I had a far-reaching conversation with Michael covering everything from in-housing to marketing transformation and professional development. Here are my highlights:

1. Don’t take failure too seriously 

Michael and I kicked off our conversation by talking about what he’s reading at the moment. While he’s not an avid fan of textbooks, he does enjoy broader reads about the business and tech space. On his bookshelf right now is Black Box Thinking by Matthew Syed, which contains some good data and stories in relation to how companies should learn from mistakes.

From this, Michael says his key takeaway has been to learn to admit errors without blaming people. He believes that injecting some lightheartedness into failure can help people learn from them – but how you do this is very culture specific, so it’s important to find the right fit for your organisation.

2. In-house can be more agile 

Michael’s Shiny New Object, or part of it at least, is the role of the in-house agency. A subject that has been hugely discussed and debated over the last few years in marketing, he very much sits on the ‘pro’ side of the fence.

One of the great advantages of your agency team being in-house, he says, is that it can react with greater speed, allowing brands to be more agile and quicker to market with campaigns. It also allows those working there to get to know both the brand(s) and the consumer base inside out – so it helps if you’re passionate about the sector. 

3. Create a bridge between product and content 

One of the brands Michael admires most is Red Bull; instead of focusing its content marketing on major sports or expensive platforms, it looked to the extreme sports and adventure areas and now really owns that space with great content that people genuinely want to watch.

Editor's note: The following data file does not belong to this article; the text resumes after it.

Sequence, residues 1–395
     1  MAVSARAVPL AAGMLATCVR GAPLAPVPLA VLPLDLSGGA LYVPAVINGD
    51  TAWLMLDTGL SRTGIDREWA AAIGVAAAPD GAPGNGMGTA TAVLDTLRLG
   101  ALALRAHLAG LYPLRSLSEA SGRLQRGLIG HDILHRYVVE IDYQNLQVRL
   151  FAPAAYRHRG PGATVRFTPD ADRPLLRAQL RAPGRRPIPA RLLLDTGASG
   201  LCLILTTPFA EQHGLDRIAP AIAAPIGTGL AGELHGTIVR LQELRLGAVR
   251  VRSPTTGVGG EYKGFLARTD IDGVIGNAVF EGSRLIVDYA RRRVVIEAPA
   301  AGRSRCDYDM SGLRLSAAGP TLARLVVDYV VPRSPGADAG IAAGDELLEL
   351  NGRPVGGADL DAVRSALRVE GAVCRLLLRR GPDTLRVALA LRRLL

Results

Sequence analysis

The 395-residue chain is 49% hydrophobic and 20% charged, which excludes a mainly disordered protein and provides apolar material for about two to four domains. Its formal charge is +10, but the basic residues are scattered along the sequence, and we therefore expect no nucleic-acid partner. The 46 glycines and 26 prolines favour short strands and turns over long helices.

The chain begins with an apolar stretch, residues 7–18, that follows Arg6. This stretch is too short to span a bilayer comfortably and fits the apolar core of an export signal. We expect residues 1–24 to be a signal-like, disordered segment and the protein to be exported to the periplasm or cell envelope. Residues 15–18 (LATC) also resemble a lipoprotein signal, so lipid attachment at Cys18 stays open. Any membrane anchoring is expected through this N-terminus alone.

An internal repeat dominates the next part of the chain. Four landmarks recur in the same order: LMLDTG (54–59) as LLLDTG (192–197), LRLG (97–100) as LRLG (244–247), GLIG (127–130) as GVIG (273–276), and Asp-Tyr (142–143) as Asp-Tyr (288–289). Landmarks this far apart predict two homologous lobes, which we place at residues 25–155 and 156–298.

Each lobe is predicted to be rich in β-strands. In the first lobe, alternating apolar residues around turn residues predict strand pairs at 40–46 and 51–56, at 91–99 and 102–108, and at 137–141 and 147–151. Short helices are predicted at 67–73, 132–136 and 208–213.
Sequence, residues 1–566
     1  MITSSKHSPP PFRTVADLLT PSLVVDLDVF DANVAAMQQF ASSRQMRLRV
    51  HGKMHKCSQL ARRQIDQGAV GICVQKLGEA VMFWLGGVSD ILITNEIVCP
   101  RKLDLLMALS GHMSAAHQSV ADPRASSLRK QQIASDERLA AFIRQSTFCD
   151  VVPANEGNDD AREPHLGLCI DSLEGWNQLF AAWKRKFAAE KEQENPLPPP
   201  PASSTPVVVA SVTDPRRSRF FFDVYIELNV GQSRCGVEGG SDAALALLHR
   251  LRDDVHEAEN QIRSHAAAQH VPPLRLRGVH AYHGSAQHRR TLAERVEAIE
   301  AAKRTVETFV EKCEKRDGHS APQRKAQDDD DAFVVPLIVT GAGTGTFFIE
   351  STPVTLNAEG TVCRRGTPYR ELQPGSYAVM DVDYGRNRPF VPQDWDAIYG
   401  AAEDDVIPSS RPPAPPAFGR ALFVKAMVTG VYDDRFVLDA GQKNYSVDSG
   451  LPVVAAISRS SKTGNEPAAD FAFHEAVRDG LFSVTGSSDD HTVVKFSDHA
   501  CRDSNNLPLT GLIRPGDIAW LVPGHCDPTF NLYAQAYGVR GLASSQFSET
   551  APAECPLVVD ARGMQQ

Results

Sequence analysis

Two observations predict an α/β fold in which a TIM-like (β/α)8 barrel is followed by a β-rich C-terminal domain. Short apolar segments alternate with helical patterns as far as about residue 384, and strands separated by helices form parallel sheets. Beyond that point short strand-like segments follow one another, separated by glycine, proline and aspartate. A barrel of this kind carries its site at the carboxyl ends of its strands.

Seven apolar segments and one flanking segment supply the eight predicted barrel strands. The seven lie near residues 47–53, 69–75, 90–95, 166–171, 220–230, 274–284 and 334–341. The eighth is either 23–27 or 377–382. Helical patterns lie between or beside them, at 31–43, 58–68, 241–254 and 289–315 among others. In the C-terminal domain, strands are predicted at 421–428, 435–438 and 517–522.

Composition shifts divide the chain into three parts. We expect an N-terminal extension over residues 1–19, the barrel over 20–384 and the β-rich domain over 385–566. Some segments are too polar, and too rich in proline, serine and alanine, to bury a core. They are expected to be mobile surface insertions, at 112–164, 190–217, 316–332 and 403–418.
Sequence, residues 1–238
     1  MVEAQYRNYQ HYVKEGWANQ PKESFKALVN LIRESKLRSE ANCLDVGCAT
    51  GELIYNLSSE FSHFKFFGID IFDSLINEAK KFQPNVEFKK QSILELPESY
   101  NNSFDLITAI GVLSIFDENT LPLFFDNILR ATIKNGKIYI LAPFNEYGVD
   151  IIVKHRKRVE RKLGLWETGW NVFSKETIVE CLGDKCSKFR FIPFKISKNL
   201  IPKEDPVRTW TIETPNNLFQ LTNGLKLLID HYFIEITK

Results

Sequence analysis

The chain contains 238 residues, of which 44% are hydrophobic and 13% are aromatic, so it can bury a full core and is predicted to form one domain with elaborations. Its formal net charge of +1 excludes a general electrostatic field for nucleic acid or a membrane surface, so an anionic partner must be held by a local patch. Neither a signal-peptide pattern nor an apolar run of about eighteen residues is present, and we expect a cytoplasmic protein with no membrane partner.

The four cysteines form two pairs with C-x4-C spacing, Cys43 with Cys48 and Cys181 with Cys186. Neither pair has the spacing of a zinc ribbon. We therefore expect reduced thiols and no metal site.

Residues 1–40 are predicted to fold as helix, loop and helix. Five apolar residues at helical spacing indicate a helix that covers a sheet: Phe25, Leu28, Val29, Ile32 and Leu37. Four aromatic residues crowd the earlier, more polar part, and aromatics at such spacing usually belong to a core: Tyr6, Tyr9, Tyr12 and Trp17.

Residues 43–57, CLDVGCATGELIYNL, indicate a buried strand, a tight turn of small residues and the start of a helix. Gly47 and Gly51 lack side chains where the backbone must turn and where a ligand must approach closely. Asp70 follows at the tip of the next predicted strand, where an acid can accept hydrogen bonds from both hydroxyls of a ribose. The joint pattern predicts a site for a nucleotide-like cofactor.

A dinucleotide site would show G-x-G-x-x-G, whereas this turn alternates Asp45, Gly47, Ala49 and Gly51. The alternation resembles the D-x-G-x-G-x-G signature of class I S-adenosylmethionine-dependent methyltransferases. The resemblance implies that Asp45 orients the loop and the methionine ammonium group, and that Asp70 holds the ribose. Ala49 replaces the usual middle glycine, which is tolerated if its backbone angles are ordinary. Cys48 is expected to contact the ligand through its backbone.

It’s impressive exposure for a brand that’s not one of the world’s biggest. I challenged Michael on this – what does Red Bull really have in common with extreme sports?

Michael pointed out that there’s a good thread from its tagline, of giving you wings, and the nature of the sports it’s supporting. It’s successfully built a content marketing bridge between a product which on the face of it, may not have been the ideal fit.

4. Understand the roles of different touchpoints

One of Michael’s areas of focus at AB InBev is marketing transformation, working with a team of developers to deliver great tech solutions.

I asked him what the role of the website is going forward; he explained there’s often internal debate around this, and in particular with how you balance social media with your own site.

Each has advantages and disadvantages; websites offer more control but less reach, vice versa with social. Michael doesn’t feel as though websites have had their day in the social world though, they are still an important touch point for consumers. It’s about using all the tools available for each of their strengths. 

5. Get some external perspective 

Michael believes it’s good to get feedback. He looks for this in a few different ways – one is that he has paid for a career coach a few times – someone who can objectively identify what might be holding you back, and help you rectify it.

Another method of gaining feedback that Michael uses is monthly one to ones, where he sits down with a colleague for a debrief on a recent project or campaign. This is a useful process for finding out how his colleagues believe things could have been done differently and helps him adjust the way he works.  

Tom Ollerton is Founder of Automated Creative.